Column: Another power company power play for customers' money

Florida Power & Light is pursuing two new reactors at its Turkey Point facility. Times files
Florida Power & Light is pursuing two new reactors at its Turkey Point facility.Times files

After several years of public unrest and fierce debate, the fate of Florida Power & Light's pursuit of two new nuclear reactors and controversial high-voltage transmission lines at the Turkey Point facility in South Florida is squarely in the hands of Gov. Rick Scott and the members of the Florida Cabinet at their next meeting Tuesday.

While much press attention has been given to the role that the Florida Public Service Commission has played in approving nuclear projects, many are unaware that the governor and Cabinet compose a little-known body called the Power Plant Siting Board, which must approve these projects for them to move forward. Unfortunately, despite massive shows of public disapproval and consistent opposition from city officials in the areas that would be most directly affected, the governor's staff is encouraging the Cabinet to approve FP&L's proposal.

I won't focus here on all of the concerns being expressed by local business owners that are being dismissed by this large utility monopoly. I also won't go into the very legitimate health concerns that the public is expressing because this plan would place a row of high-voltage power lines transmitting power from two nuclear reactors close to a mile from residential areas. I also won't go into the environmental impacts being expressed by many.

Each of these range of concerns merits serious attention, but as a consumer watchdog group the Florida Alliance for Consumer Protection's main issue with these proposals is the continued use of early cost recovery as a method to fund the nuclear plants themselves.

One of the problems with allowing companies to fund projects this way is that it shifts all of the risk in building a nuclear plant to consumers while shielding companies from the consequence of such investment. Companies make a substantial sum of money if they pull out of a project and make even more through interest if a project is delayed or has major cost overruns, which is always the case with the construction of nuclear reactors. Companies face no penalty if they pull out of a project or if projects run billions of dollars over initial projections. They simply make more money at consumer's expense.

Another big problem with early cost recovery is that there's no guarantee that consumers will get anything for what they pay for. Let's face it, the industry has a horrendous track record. Late last year, after collecting money from ratepayers for years, Duke Energy finally pulled the plug on their Levy County nuclear plant.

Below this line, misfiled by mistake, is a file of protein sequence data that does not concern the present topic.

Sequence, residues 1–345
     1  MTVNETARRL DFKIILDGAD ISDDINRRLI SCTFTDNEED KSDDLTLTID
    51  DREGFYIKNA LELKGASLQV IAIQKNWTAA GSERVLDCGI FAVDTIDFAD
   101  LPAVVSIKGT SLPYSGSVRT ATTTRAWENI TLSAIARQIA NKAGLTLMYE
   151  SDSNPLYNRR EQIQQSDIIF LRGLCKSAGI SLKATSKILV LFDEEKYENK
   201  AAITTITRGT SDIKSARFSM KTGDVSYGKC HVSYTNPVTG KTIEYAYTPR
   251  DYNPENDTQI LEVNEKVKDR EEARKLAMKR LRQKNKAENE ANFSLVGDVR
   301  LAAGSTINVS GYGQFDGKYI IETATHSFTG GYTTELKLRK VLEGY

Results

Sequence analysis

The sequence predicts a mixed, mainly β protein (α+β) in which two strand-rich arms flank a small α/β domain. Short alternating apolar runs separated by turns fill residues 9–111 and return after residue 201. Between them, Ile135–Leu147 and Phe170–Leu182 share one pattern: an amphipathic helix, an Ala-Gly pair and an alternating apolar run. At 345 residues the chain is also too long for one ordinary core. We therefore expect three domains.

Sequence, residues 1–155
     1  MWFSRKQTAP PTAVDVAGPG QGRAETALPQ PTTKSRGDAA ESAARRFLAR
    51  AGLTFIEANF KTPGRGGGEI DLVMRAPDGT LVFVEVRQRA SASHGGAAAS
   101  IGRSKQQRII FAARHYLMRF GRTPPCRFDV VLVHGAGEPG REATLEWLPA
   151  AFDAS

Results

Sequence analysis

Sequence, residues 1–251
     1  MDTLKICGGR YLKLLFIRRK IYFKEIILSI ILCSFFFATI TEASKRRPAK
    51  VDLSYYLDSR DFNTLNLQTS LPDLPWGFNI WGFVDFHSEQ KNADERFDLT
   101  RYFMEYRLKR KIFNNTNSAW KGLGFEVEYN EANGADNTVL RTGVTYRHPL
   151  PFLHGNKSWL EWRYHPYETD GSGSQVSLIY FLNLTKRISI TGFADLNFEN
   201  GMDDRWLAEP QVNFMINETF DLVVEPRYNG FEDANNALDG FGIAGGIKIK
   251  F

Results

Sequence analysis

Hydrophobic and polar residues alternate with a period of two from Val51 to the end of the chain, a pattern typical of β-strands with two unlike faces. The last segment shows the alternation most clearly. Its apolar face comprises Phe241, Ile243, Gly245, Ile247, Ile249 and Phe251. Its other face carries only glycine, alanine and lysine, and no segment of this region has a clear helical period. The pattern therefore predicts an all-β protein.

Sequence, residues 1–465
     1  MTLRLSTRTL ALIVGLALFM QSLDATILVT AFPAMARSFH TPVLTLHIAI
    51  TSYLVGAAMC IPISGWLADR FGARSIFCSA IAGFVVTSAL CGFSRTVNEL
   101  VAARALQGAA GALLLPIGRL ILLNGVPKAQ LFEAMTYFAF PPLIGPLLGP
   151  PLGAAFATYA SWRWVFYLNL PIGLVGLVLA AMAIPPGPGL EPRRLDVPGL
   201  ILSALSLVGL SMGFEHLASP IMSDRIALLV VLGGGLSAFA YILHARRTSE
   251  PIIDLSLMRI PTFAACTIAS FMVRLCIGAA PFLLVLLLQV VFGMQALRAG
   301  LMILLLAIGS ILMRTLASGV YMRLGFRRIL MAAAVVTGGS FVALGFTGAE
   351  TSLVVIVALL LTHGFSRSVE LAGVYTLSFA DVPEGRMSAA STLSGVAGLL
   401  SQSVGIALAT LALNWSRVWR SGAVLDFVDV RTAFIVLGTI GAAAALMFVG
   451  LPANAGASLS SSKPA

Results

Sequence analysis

As detailed by the Tampa Bay Times, Progress Energy and then Duke had argued for years that being allowed to collect money from customers far in advance would allow them to build the plants faster and more cheaply, which would translate to cost savings for consumers. In the end, there was no cheap energy, customers still had to pay $1.5 billion on a project that would never be built and Duke Energy was able to keep $150 million in profits for essentially doing nothing for their customers.

Yet another issue with early cost recovery is the lack of transparency around how much consumers are paying toward these fees on their monthly bill. Consumers are essentially being kept in the dark and attempts to require more price disclosure are quickly squashed by the industry in the Legislature.

Scott and Cabinet members will review the Turkey Point reactors and the proposed transmission lines at the coming Cabinet meeting. We urge them to consider the fact that FP&L has not even been certified to move forward with the project by the NRC and may never receive that approval.

The utility will inevitably argue that it needs a thumbs-up from the Cabinet to get that certification, but it's a terrible idea to allow a utility company to collect money from customers to build plants that have not even been certified yet. They are in no position to even begin construction.

At the very least the Cabinet should delay this decision until that certification is issued. We would rather see the Cabinet reject this proposal altogether, given the recent track record of companies failing to follow through with plans at customers' expense. However, we think that postponing a vote until there's a reasonable chance that the company can begin building the plant is a fair request.

Brad Ashwell is the legislative director for the Florida Alliance for Consumer Protection.